1. Jihad René Albani. Principles and Applications of Fluorescence Spectroscopy. Blackwell Science Ltd, 9600 Garsington Road, Oxford OX4 2DQ, UK. Edition 2007.

2. Joseph R. Lakowicz. Principles of Fluorescence Spectroscopy.Third Edition. Springer.


Fluorescence Spectroscopy: History, Principle and Application – Part-I

Fluorescence spectroscopy, a very sensitive analytical tool, has wide ranges of application in various disciplines of scientific/medical research. I am going to write a series of blog-posts discussing its numerous applications. To begin with, let me first go back to the history; how “FLUORESCENCE” was discovered, and evolved as a primary research tool in diverse fields of scientific research such as chemistry, biochemistry, biophysics, biotechnology, genetics, forensic, medical diagnostics, etc. to name a few.

A Short History of Fluorescence:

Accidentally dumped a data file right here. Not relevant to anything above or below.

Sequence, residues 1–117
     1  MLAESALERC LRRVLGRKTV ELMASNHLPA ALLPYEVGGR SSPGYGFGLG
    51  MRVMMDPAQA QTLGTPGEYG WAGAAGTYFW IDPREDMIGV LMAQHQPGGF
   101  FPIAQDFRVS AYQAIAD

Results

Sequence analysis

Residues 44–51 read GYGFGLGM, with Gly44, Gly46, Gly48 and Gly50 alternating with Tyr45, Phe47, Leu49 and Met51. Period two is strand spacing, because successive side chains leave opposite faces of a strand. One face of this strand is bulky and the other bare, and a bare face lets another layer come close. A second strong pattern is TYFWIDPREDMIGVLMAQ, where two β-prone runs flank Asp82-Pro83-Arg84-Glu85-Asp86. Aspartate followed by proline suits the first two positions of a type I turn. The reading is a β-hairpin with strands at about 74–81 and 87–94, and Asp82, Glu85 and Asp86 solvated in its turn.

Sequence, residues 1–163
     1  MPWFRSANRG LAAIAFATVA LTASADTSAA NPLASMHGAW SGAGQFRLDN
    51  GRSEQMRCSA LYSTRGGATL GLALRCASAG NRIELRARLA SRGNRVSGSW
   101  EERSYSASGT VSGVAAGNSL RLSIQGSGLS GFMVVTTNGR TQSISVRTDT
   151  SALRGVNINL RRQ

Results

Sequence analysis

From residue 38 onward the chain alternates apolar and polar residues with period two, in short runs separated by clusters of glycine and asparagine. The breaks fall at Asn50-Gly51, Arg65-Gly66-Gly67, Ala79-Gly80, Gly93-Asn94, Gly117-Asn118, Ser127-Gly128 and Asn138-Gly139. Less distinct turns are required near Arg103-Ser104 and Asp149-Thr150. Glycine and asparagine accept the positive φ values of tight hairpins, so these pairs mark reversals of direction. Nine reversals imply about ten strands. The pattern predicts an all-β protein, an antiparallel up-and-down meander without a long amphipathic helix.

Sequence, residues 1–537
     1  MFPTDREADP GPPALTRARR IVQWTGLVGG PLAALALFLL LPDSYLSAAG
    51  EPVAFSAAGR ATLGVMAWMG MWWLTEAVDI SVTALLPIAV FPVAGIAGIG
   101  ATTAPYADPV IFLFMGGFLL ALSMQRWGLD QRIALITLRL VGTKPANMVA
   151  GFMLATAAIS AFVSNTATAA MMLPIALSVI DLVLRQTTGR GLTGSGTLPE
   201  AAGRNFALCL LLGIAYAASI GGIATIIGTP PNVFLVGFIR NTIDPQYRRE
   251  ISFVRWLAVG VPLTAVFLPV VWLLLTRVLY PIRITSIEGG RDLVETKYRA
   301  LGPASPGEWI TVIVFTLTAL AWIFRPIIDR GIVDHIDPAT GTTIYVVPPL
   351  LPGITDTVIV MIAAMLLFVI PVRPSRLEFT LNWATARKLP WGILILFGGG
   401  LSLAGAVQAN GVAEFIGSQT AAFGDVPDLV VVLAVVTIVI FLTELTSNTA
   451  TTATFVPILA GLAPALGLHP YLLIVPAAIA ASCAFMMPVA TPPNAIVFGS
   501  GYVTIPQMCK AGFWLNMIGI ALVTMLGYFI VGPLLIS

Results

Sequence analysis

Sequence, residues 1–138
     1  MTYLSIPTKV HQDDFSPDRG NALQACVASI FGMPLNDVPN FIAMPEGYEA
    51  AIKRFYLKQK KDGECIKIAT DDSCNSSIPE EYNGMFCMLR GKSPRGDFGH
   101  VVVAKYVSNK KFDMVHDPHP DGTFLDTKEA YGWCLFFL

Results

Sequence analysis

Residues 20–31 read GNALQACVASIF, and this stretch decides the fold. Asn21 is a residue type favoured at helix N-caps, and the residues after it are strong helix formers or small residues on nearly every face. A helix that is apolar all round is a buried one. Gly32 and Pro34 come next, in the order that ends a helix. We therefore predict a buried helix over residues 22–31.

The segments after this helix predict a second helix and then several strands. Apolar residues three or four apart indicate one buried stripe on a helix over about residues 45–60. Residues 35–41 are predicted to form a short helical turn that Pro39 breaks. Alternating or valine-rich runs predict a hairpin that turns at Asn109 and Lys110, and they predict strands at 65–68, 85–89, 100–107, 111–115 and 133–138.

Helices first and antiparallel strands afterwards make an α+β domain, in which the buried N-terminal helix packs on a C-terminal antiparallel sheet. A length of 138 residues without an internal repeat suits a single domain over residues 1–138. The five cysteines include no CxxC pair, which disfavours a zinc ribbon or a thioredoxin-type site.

Nicholás Monardes, a Spanish physician and botanist observed a bluish opalescence from water infusion of a wood of a small Mexican tree. In 1565, he described about this observation in the Historia medicinal de lascosasque se traen de nuestras Indias Occidentales. A Franciscan missionary named Bernardino de Sahagún also independently observed similar observation for the wood named “coatli”, around same time. He reported in the Florentine Codex, “Coatli …..patli, yoanaqujxtiloni, matlaticiniayoaxixpatli..“, which means “it is a medicine, and makes the water of blue color, its juice is medicinal for the urine”. In 1574, Charles de L’Écluse, a Flemish botanist named Monardes’s wood as Lignum Nephriticum (kidney wood) because of its therapeutic properties in treating kidney related ailments. Thereafter, many scientists reported this type of luminescence property in various substances such as chlorophyll, barium sulfate, etc. Sir John Frederich William Herchel first observed the fluorescence from a solution of quinine sulfate (in tartaric acid) in sunlight in 1845, and described it as “beautiful celestial blue color”. This was published in Philosophical Translation of the Royal Society of London (1845) 135:143–145. Sir John Herchel termed this phenomenon as “epipolic dispersion”. [Inset figure shows the fluorescence image1 from a quinine sulfate solution.] Later in 1852, G.G. Stokes published a very long article (more than 100 pages), “On the change of Refrangibility of Light”, where he mentioned about his disagreement on Sir John Herchel’s term of “epipolic dispersion”, and wrote; “I confess I do not like this term. I am almost inclined to coin a word, and call the appearance fluorescence from fluor-spar, as the analogous term opalescence is derived from a mineral.” G.G. Stokes was the first person who proposed to use fluorescence as an analytical tool in a lecture “On the application of the optical properties to detection and discrimination of organic substances” in 1864. Following are the important research works done in much earlier days (1904-1942), which immensely contributed to the understanding, improvement and advancement in Fluorescence spectroscopy as a technology.